How to not suck at graphic design

Hopefully this will help any people dabbling in graphic design/blogging/putting stupid ridiculously horrible looking things up on their websites/online stores/social media whathaveyou.

1) Fonts.

I made up the following quick graphic for your use. Follow it religiously.


There are SO many websites offering THOUSANDS of free fonts that you can download and use. These people understand that it’s sometimes hard to find a font that suits your needs! DaFont, FontSpace, and many other pay-what-you-wish collectives have some seriously awesome stuff on there. But don’t go crazy. Because if you’re using any of the above, you may have acute “No-Font-Taste-Itis” and it’s incurable.

To be safe, here’s a few of my favorites: Helvetica (this should be obvious; if you have no eye for design you likely can use this and get away with it), Adobe Caslon Pro, Baskerville (any), Bebas Neue, Century Gothic/Schoolbook, Futura, Gill Sans, Lobster, Market Deco, Nilland, Quicksand, Rockwell, and Trebuchet. Most of these will come with your computer. More after the jump>>

2. Size.

You want to know what the most annoying thing in the world is? Not the sound Lloyd makes in Dumb & Dumber. It’s scrolling through your blog. With your big-ass pictures and your big-ass font and long-ass sentences. I WANTED TO GET TO YOUR RECIPE, HOW ABOUT DON’T UPLOAD 80 PICTURES BEFORE WE GET THERE. Oh, is that what a mixer looks like with cookie dough in it? Kill me.

Along this same line, fonts don’t need to be huge. If people are struggling to read something, they can zoom in. Don’t annoy the rest of the world with senior-citizen-friendly fonts and images and buttons.

3. Stop trying to be artistic and keep it simple.

Believe it or not, the job of graphic designers is to make things as simple and user-friendly as possible. If something looks complicated, or confuses your understanding, then it likely is not very good design. If you’re not educated on design, fonts, organization of information, designing graphics, or doing illustrations, I’m sorry but just leave it out. No instagram filter or photoshop action can change that.

Keeping it simple will save you time and annoy fewer people. There’s absolutely nothing more irritating than having the world say “I can’t believe these people get paid to do art/design/insert creative job here” and then turn around and see horrible, horrible, HORRIBLE attempts at doing what we get paid to do and expect to hear no backlash.

And while we’re on keeping it simple, there is nothing wrong with black and white. Black font on a white background is simple, and if what you’re saying is important it can prove itself.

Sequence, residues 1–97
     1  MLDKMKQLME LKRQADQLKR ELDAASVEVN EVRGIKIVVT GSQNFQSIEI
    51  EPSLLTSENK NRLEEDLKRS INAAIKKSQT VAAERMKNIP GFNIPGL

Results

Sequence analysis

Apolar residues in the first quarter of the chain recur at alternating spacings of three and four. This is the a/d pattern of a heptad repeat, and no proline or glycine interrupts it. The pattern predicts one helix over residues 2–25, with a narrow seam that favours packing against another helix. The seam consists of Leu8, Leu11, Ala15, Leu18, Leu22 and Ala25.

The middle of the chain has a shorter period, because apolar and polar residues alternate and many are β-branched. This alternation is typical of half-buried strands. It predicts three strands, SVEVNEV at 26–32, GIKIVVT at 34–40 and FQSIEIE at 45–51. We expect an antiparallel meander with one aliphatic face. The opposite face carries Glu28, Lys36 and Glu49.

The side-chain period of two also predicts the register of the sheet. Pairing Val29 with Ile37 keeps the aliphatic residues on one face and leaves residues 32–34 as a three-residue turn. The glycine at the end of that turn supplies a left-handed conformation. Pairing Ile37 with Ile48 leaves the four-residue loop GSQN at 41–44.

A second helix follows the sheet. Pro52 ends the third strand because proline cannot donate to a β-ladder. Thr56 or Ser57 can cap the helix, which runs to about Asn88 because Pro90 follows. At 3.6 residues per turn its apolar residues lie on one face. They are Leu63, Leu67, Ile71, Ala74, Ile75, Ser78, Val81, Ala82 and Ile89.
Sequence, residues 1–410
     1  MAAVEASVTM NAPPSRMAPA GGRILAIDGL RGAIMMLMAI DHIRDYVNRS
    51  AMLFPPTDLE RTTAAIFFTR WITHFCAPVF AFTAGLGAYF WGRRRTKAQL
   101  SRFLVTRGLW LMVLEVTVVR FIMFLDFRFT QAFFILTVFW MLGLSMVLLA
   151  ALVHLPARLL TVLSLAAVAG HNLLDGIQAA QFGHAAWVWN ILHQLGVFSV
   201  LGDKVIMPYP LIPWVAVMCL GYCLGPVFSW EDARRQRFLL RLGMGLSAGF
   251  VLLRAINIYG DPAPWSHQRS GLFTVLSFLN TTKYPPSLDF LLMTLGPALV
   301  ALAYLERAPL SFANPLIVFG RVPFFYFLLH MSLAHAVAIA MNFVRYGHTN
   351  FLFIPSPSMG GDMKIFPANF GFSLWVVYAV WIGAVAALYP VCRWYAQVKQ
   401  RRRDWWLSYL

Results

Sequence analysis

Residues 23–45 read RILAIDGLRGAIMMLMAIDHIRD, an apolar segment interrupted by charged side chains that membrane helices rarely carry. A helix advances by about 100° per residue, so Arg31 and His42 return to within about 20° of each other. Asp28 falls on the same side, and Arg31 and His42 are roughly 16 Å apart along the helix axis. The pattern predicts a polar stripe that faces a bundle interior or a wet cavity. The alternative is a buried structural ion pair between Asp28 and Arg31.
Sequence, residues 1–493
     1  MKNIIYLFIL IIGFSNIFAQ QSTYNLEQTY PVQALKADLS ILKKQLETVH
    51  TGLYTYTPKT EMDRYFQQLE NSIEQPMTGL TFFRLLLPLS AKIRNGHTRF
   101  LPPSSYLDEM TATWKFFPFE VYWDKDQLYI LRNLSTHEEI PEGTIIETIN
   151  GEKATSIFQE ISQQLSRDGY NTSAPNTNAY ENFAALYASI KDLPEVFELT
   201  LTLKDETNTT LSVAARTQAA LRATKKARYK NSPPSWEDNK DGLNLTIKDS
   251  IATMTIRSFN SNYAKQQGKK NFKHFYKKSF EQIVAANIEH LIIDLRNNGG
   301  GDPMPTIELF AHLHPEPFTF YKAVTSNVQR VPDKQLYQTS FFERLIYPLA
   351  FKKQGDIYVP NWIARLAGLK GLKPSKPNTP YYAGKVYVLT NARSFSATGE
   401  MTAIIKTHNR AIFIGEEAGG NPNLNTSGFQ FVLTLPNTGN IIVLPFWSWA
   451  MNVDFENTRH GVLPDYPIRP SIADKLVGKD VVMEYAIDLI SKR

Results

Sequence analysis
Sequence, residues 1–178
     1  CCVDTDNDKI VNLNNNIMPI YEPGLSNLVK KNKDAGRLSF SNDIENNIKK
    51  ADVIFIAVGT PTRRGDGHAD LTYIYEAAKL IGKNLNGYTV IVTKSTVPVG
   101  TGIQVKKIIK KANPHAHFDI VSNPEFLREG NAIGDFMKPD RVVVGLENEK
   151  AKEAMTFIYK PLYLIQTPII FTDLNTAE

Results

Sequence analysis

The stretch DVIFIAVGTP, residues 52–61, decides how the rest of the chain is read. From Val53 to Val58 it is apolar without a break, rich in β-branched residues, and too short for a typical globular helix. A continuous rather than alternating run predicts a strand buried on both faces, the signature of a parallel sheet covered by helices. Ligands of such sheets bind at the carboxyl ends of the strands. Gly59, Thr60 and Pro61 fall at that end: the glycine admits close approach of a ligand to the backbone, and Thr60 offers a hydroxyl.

4. Be selective.

Likely, we don’t need to see or hear everything to get the picture. If it’s a pamphlet, stop trying to squeeze a novel  into 6 tri-folded flaps. Do you really need that Microsoft clip art in there? If it’s a blog post, who wants to read a full chapter of a novel in one sitting? You can give a teaser and a photo, if you have an appropriate one, and maybe link to the download of a PDF so interested people can print it off or read it on a device. If you truly think all your information is important, even after paring it down a bit, give yourself more space than you need. Break it up. Don’t run to the margins. And for God’s sakes, use a serif font for blocks of text in print, and sans-serif for headlines.

5. Don’t be the cliché.

I know I just said to keep it simple, but at least incorporate a little differentiation when it comes to designing things. If I see one more website with the title in either ‘I’M A BIG DEAL HERE IT IS IN ALL CAPS CENTERED AT THE TOP’ or ‘Kitschy Cooking Wifey Stay at Home Blogger Sans-Serif Cutesy’ fonts, I’m going to throw myself off a cliff.

Stop putting your faces in little bubbles on the right and using the description as ‘hey I’m a woman just like you, read my blog.’ Stop using the same interface that makes navigating your blog impossible. Choose a picture that describes what you want people to remember your blog as. Don’t use vague photographs to describe something meaningful–choose a picture you took that actually means something to you.

Just avoid throwing bones to your audience because you know they’ll like it. Take everything you’ve seen on other blogs (unless they’ve followed these rules) and understand that they’re bad. Because the majority of bloggers are unexperienced with design and design on the internet, and design in general. The basics of blogging are extremely similar to the basics of any sort of design.

6. For the love of God, SPELL CHECK.

If you follow these rules, anything you make will not make other people vomit. It still may not be good design, but you will be well on your way.



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